Top Ten Tips for an Easier Holiday Season

It’s no surprise that the holidays come with a mixed bag of emotions and experiences.  In the best of circumstances this time of year, while joyful, carries a fair amount of stress, but when cancer enters the equation, many of the already complex feelings are magnified.  Sometimes the patient is the one who typically hosts the holiday and is totally overwhelmed by even the thought of having a house full of people.  Other times it might be a caregiver who pales at the thought of keeping track of 10 grandkids while trying to ensure a spouse is comfortable.  While there is no solve-all for holiday challenges, below are ten tips to consider in making it through this holiday season with as much joy and as little stress as possible. 1.  Be choosey of your decorations: Regardless the holiday, there’s a good chance your home will be decked and your...

Treatment Modalities: Liver Transplant

This post marks the first in a series reviewing different cholangiocarcinoma treatment modalities.  Moving forward, one post each month will look at the present state of a common treatment including an interview with a leading expert on the subject.  Please use the comments to share your feedback on information you would like to see in future posts and any treatments or doctors you would like to see us highlight. If you want to start a spirited debate in the cholangiocarcinoma community, one of your best bets would be to bring up liver transplantation as a treatment for our disease.  Typically, responses come back in one of three buckets.  1. Individuals who aren’t close to cancer treatment tend to voice excitement at the possibility of swapping out the diseased organ for a new one.  2. Those closer to cholangiocarcinoma treatment cite the litany of challenges patients face when pursuing transplant,...

C.A.R.E. Team Launches in Chicago

Melinda Bachini is a familiar face within the Foundation.  An 8-year survivor, she is on the front line of introducing the newly diagnosed to the Foundation’s services and helping them to navigate their new reality.  In addition to her work with the Foundation, Melinda sits on several national committees such as the NCI Patient Advocate Steering Committee.  When Marion Schwartz retired as the Chief Advocacy Officer over the summer after over 10 years of service, Stacie Lindsey recognized Melinda’s talents and asked her to fill the void of Marion’s absence. With a mountain of work to be done and limited resources, Melinda quickly began to brainstorm ways to mobilize the existing volunteer population.  She presented the kernel of an idea to Stacie at the ASCO annual meeting in June, and once she had approval to add some bones to the thought, she went to work recruiting a small team. ...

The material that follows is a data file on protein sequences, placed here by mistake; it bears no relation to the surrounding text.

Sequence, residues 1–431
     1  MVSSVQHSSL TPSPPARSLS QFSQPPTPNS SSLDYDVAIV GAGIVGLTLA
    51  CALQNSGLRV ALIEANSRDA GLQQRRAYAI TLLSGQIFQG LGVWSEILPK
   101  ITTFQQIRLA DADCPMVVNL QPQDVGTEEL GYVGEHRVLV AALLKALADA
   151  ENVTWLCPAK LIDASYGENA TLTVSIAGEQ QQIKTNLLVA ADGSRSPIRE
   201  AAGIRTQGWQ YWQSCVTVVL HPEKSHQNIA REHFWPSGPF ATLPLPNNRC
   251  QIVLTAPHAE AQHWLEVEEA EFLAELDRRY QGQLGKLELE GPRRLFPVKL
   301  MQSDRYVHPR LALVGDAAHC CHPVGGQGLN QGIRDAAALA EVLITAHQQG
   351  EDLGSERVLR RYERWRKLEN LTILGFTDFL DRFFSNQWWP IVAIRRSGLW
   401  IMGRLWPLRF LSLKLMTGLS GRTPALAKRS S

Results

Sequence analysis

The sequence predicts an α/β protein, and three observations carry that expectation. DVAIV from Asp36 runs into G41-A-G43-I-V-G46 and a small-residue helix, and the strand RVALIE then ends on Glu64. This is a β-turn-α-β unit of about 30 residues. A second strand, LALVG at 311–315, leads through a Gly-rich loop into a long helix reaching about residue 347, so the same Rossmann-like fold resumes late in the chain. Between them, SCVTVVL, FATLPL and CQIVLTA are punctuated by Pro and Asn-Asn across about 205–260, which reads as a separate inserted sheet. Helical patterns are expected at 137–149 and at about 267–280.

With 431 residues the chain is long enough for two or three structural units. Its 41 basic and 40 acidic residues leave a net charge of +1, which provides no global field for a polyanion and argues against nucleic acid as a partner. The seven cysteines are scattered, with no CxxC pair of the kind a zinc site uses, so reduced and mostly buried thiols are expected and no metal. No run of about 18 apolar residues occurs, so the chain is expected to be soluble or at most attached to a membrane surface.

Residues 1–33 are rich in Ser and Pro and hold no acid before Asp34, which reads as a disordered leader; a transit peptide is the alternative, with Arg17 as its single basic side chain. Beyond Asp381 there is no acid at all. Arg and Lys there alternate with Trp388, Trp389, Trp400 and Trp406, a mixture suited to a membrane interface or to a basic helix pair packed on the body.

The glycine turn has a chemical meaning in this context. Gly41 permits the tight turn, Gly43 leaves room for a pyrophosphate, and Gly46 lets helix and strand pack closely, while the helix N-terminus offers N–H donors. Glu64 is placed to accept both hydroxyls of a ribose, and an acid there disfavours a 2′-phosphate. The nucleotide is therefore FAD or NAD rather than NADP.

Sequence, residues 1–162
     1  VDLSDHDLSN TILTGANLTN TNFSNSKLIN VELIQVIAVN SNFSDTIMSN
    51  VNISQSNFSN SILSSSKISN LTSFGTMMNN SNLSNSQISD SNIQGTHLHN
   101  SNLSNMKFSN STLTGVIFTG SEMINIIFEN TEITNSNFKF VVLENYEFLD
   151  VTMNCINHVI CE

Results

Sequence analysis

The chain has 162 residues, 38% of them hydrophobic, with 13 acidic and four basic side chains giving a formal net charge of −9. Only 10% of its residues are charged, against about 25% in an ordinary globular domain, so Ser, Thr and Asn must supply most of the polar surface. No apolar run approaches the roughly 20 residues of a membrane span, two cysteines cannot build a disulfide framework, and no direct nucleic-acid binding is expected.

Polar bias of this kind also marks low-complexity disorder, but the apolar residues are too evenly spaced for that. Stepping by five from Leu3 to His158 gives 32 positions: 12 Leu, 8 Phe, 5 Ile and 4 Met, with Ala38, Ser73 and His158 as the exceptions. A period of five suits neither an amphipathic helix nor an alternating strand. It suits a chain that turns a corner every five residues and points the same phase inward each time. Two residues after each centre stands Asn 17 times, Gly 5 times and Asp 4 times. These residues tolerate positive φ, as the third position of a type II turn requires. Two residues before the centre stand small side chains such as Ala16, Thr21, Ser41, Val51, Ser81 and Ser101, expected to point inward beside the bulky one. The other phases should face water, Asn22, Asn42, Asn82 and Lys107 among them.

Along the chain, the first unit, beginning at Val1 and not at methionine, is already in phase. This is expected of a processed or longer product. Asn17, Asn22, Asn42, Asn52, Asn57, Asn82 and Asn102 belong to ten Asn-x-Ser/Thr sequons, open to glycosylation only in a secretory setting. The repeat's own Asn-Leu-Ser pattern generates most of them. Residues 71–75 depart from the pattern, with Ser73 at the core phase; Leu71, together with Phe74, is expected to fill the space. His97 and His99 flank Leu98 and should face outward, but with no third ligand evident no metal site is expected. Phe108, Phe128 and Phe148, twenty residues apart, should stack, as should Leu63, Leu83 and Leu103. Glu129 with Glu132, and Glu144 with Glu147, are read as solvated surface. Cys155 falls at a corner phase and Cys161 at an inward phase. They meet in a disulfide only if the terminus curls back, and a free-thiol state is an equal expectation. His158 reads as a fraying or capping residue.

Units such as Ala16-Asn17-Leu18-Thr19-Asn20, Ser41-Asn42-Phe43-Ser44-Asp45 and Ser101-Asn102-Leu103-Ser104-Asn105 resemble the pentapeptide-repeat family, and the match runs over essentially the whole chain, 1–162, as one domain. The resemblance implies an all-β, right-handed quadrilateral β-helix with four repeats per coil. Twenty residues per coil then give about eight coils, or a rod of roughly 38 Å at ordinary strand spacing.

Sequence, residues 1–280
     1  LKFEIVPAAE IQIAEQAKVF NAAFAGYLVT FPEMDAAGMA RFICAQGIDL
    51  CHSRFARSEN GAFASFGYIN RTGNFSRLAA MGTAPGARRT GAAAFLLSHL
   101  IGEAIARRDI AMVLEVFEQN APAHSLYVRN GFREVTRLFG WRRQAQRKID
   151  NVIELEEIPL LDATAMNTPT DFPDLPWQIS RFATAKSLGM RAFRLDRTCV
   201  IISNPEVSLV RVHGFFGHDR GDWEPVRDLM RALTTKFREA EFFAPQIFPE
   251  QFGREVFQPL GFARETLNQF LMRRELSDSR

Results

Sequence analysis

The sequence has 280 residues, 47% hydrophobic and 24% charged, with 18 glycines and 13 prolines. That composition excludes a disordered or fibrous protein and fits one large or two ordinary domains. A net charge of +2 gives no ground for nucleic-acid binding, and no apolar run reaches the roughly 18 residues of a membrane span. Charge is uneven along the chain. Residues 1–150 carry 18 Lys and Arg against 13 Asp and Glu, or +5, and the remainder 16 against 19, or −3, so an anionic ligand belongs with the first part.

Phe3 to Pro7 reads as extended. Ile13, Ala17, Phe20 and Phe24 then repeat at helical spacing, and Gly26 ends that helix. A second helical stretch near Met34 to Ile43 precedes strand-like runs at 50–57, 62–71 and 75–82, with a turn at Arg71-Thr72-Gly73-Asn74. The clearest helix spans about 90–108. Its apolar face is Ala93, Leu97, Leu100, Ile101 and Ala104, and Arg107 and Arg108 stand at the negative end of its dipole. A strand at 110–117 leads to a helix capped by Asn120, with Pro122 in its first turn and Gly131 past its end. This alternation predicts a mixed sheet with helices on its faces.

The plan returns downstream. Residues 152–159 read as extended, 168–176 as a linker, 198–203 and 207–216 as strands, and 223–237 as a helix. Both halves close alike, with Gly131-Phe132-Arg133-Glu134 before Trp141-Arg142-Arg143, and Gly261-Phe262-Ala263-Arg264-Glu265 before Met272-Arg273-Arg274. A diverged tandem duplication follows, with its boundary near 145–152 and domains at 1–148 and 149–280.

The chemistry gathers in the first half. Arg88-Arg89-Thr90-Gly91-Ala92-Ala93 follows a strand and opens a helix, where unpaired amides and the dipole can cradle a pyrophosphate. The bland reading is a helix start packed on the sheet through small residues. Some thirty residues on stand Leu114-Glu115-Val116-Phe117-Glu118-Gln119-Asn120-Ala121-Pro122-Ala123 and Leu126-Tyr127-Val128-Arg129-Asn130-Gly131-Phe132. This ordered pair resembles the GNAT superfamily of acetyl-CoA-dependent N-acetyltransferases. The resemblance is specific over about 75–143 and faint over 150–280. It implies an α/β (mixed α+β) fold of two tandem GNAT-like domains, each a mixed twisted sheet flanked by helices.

Team CCF Takes on the Chicago Marathon

Assuming you haven’t tackled one before, have you ever really thought about what it takes to run a marathon?  If a runner maintains a 12-minute mile pace (essentially a jog) and does not take walk breaks, it would take them 5 hours and 14 minutes to complete the 26.2-mile course.  For some perspective, if you’ve ever watched the BBC’s 6-part mini-series of Pride and Prejudice, take the time you sit on the couch watching each episode back to back and imagine that instead of falling in love with Colin Firth’s Mr. Darcy, you’re running.  Without stopping.  For 26.2 miles. Is anyone else insanely impressed by that?  I know I am, and on this past Sunday, we had 8 runners for Team CCF do just that in Chicago. The Foundation has benefited from runner participation in the past, and often long distance runners use these races to fund raise for...

Sneak Peek at the New Discussion Boards – the Foundation’s Hidden Gem

The Foundation’s discussion boards have long been a gathering place for patients and caregivers to share information and offer support.  When it was first created ten years ago, the discussion board corner of the cholangiocarcinoma.org site was on par with other similar forums, but as ten years passed and technology advanced, the decision was made to give the boards a face-lift.  Spearheaded by the Foundation’s very own Rick Pollock, the new site is sleek, mobile-friendly, and packed full of features for users to enjoy. Before we jump in to some of the excellent changes, it might be a fun exercise to take a look back at the boards through the years and learn a little about the recent path to improvement.  As of this writing, there are 13,608 topics, 95,516 posts, and 4,225 registered users.  In fact, as I type this on a beautiful Sunday afternoon, there are 16 guests...